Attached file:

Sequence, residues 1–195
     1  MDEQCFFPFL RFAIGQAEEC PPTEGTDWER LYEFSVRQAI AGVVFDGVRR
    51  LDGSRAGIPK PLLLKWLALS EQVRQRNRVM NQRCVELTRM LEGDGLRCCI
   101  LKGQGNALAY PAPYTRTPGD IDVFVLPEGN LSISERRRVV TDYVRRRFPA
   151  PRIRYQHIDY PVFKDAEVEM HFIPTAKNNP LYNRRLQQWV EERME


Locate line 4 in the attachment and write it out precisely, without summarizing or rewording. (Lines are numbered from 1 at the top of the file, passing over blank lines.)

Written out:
   101  LKGQGNALAY PAPYTRTPGD IDVFVLPEGN LSISERRRVV TDYVRRRFPA